New Will County drug court seeks to help veterans
By Tony Graf firstname.lastname@example.org May 16, 2012 5:26PM
Will County State's Attorney James Glasgow (far left) and Will County Public Defender Frank Astrella (second from left) stand before Circuit Judge Carla Alessio Policandriotes (far right) as Glasgow petitions for a specialized Will County Veterans and Servicemembers Court at the Will County Court Annex Wednesday, May 16, 2012, at 57 N. Ottawa St. in Joliet. | Matthew Grotto~Sun-Times Media
Updated: June 29, 2012 9:14AM
JOLIET — Marco Vizcaino served his country in the U.S. Army during his tour of duty in Iraq. Now his country has extended a hand, and shed some tears, to help him.
A new Will County Veterans and Servicemembers Court will address cases of men and women struggling after returning from military service.
Vizcaino, after being honorably discharged from the Army, has been diagnosed with anxiety disorder and has struggled with substance abuse, said Frank A. Astrella, Will County public defender, in court Wednesday. Vizcaino is facing a charge of possession of a controlled substance, Astrella said. Vizcaino’s case is being handled in the new court, which is there to provide treatment, counseling and assistance, recognizing veterans’ important service.
“I’m just overwhelmed by the chance at another opportunity at life — and being able to turn it around,” said Vizcaino, of Naperville, after the hearing.
“I’m just very excited to find out that they’re doing this here in Will County. I’m really grateful to everybody who was involved. They’re supporting me 100 percent,” said the veteran, who served in Iraq in 2007 and 2008.
On Wednesday in Will County court, State’s Attorney James Glasgow filed a petition before Chief Judge Gerald Kinney and Circuit Judge Carla Alessio Policandriotes. The petition sought to establish the specialized Veterans and Servicemembers Court. Policandriotes approved the petition, and Vizcaino was accepted into the new court, during an emotional hearing attended by county leaders and veterans.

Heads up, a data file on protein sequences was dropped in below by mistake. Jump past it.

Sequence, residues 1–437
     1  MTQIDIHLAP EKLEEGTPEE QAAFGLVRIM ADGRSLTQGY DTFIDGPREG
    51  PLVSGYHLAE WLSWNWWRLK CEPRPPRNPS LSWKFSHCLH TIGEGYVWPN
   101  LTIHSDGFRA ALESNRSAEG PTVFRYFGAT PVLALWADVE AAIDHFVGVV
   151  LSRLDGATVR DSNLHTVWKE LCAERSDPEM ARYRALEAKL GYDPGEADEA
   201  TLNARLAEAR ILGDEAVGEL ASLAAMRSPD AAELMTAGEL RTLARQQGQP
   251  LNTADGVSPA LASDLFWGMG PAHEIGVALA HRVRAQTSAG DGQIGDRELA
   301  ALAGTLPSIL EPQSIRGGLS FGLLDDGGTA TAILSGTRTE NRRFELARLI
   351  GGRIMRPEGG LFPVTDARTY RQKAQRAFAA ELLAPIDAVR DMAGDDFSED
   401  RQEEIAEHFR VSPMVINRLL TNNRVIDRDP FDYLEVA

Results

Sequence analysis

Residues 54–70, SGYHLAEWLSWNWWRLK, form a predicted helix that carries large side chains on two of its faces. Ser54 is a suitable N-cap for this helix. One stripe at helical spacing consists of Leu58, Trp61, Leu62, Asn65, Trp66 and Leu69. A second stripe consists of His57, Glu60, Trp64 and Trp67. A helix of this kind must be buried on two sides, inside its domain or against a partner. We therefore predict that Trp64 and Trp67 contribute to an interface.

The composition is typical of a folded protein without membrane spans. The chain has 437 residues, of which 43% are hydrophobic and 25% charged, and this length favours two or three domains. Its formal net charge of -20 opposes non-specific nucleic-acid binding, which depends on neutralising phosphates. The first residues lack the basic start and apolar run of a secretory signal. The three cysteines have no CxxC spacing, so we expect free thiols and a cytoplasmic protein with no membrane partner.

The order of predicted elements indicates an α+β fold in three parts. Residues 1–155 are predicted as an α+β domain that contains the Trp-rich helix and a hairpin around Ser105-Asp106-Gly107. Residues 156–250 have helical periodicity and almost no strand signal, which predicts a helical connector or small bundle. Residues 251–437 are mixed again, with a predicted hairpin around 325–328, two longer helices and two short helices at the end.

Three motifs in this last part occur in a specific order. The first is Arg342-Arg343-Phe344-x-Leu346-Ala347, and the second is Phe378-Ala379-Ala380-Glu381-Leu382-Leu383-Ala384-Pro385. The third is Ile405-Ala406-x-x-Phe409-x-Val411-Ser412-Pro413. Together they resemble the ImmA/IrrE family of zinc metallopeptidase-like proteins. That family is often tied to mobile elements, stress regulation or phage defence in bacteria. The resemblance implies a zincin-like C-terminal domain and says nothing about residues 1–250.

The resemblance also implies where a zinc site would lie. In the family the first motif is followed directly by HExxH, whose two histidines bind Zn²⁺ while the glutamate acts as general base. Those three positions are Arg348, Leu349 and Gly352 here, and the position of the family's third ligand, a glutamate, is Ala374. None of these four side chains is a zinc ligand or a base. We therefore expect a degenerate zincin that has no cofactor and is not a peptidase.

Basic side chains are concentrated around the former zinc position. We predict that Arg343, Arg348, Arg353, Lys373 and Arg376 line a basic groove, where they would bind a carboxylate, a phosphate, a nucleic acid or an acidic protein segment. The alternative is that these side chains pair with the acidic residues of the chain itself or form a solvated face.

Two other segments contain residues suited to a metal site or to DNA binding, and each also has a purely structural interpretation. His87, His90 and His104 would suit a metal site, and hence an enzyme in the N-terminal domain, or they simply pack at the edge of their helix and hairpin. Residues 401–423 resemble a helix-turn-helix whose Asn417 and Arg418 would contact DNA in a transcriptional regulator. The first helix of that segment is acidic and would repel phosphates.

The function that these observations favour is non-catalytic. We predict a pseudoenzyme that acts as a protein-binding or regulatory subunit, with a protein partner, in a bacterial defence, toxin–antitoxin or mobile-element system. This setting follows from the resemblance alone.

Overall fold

Tears flowed during some moments.
The new court will function like the existing drug court in Will County, according to a statement from Glasgow’s office. In many cases, selected defendants will be required to plead guilty to their crimes up front before they are allowed into the court. They will be required to remain drug free, submit to random drug tests, find work, follow through with treatment and attend weekly counseling sessions. If they comply with all of the court terms, they will graduate and their charges will be dismissed.
In certain cases, the court may not require a guilty plea upfront, or the state may forego filing criminal charges at all if the participant successfully completes the program.
“We enjoy extraordinary freedoms because of heroic sacrifices by veterans and servicemembers from all branches of our armed forces,” Glasgow said. “Thousands of veterans are returning home today suffering from substance abuse problems or mental health disorders, including post traumatic stress disorder or depression. When they come in contact with the criminal justice system, we have an obligation to acknowledge their service and provide them with the treatment and counseling necessary for them to regain their lives.”